“Espèrame, wait here,” Papá said.
“What’s over there?” Sal said. The boys peered through the gate toward a sandy slope with a crooked house on one side.
“Just a shack and a bunch of children running around,” Blas said. “Hey, one boy looks a lot like you, but younger.” They spotted a woman cooking over an open fire pit. Were these all of her kids? “She’s hugging him! Mira, look, your Papá knows her,” Blas said. As soon as he said this, Sal looked away.
“Papá never talked about having a sister or anyone in Cadiz,” Sal said. Could this be the family his parents had argued about—Papá’s horns and tail? Sal didn’t want to see any more. “Let’s get some rest.” He let Mamà’s shawl fall to the ground. He and Blas laid down and leaned their heads against the rocks.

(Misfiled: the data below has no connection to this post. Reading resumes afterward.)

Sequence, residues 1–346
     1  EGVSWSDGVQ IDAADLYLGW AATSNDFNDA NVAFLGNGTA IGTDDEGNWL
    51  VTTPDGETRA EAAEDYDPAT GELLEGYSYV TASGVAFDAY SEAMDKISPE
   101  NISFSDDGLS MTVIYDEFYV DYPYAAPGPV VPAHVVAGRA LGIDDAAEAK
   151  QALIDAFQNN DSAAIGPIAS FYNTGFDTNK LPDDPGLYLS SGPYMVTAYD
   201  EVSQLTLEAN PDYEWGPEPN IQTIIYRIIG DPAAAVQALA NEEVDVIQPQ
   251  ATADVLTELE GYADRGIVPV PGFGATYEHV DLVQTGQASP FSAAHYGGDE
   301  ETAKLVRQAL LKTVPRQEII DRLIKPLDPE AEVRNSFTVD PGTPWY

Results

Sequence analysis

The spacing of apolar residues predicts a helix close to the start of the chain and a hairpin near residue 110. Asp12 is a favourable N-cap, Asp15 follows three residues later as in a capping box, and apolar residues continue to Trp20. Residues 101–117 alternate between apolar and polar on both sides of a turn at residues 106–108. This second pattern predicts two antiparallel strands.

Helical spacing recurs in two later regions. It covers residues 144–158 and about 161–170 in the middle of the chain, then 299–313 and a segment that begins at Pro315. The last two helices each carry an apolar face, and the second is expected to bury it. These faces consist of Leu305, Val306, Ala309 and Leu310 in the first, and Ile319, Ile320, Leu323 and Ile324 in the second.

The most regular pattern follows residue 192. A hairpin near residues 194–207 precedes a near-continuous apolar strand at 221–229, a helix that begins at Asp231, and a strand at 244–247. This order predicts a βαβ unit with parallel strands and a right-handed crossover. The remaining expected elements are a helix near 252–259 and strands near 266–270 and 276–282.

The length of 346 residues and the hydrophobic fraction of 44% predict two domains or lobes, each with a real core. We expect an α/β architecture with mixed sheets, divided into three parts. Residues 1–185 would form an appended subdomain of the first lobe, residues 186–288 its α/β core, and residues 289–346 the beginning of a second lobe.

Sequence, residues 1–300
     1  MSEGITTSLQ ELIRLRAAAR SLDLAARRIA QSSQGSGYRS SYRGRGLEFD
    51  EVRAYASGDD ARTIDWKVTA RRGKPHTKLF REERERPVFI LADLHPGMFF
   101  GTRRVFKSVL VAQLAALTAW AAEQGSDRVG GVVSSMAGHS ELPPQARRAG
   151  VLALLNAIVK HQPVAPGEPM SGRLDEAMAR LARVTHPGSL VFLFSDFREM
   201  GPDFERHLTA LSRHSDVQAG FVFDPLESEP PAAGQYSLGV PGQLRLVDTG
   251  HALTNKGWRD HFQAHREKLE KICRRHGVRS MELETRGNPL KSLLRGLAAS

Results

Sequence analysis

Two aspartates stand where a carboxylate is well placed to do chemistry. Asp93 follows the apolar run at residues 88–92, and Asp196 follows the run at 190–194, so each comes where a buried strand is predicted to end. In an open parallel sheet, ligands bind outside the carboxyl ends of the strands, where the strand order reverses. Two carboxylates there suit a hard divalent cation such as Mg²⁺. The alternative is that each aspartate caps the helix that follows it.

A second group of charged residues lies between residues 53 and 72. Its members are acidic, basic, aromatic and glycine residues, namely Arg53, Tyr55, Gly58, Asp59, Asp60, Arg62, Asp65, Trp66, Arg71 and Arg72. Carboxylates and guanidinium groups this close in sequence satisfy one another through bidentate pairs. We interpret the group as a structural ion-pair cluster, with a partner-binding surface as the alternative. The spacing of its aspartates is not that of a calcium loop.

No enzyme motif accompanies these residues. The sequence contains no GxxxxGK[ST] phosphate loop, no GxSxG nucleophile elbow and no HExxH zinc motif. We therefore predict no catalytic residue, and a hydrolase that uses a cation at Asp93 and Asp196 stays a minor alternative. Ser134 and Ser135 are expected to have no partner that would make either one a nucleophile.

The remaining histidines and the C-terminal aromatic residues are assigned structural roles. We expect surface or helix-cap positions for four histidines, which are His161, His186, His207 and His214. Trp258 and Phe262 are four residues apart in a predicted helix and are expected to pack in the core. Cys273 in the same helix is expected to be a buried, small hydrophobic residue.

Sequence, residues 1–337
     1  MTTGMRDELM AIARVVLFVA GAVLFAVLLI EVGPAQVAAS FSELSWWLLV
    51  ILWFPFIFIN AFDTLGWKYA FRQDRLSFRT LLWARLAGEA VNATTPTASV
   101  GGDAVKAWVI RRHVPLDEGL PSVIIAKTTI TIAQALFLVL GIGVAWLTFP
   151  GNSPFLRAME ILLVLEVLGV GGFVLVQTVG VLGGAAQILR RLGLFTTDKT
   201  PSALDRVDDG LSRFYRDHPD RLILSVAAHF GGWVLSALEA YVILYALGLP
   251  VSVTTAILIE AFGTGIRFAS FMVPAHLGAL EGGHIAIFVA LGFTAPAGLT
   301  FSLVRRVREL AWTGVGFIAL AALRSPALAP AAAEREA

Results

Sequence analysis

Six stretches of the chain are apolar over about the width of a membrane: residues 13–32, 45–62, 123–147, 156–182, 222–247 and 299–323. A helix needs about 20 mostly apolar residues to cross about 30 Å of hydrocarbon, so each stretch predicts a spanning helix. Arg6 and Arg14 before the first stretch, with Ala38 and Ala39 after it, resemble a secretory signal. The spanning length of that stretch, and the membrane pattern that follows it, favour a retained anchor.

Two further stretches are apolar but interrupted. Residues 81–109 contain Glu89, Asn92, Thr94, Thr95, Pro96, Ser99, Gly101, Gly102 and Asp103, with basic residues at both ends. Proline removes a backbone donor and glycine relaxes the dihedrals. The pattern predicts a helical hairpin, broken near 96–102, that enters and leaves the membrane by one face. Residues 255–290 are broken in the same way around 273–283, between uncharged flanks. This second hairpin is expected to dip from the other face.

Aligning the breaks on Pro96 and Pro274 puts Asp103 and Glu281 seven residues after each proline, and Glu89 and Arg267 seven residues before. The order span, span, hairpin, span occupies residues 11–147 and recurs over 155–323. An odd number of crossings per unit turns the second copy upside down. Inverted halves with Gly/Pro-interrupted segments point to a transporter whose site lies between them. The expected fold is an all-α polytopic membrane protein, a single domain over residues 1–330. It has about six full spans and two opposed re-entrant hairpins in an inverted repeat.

The next morning Papá roused the boys early to roam the docks and look for work. He didn’t even bother to mention the phony job or his other family. He lied about everything. He even dared to ask the boys to reinforce the gate where they slept.
“How many days do we look for work?” Blas said. He spoke quietly to Sal, not wanting to confront Papá. “I thought he had a job here?
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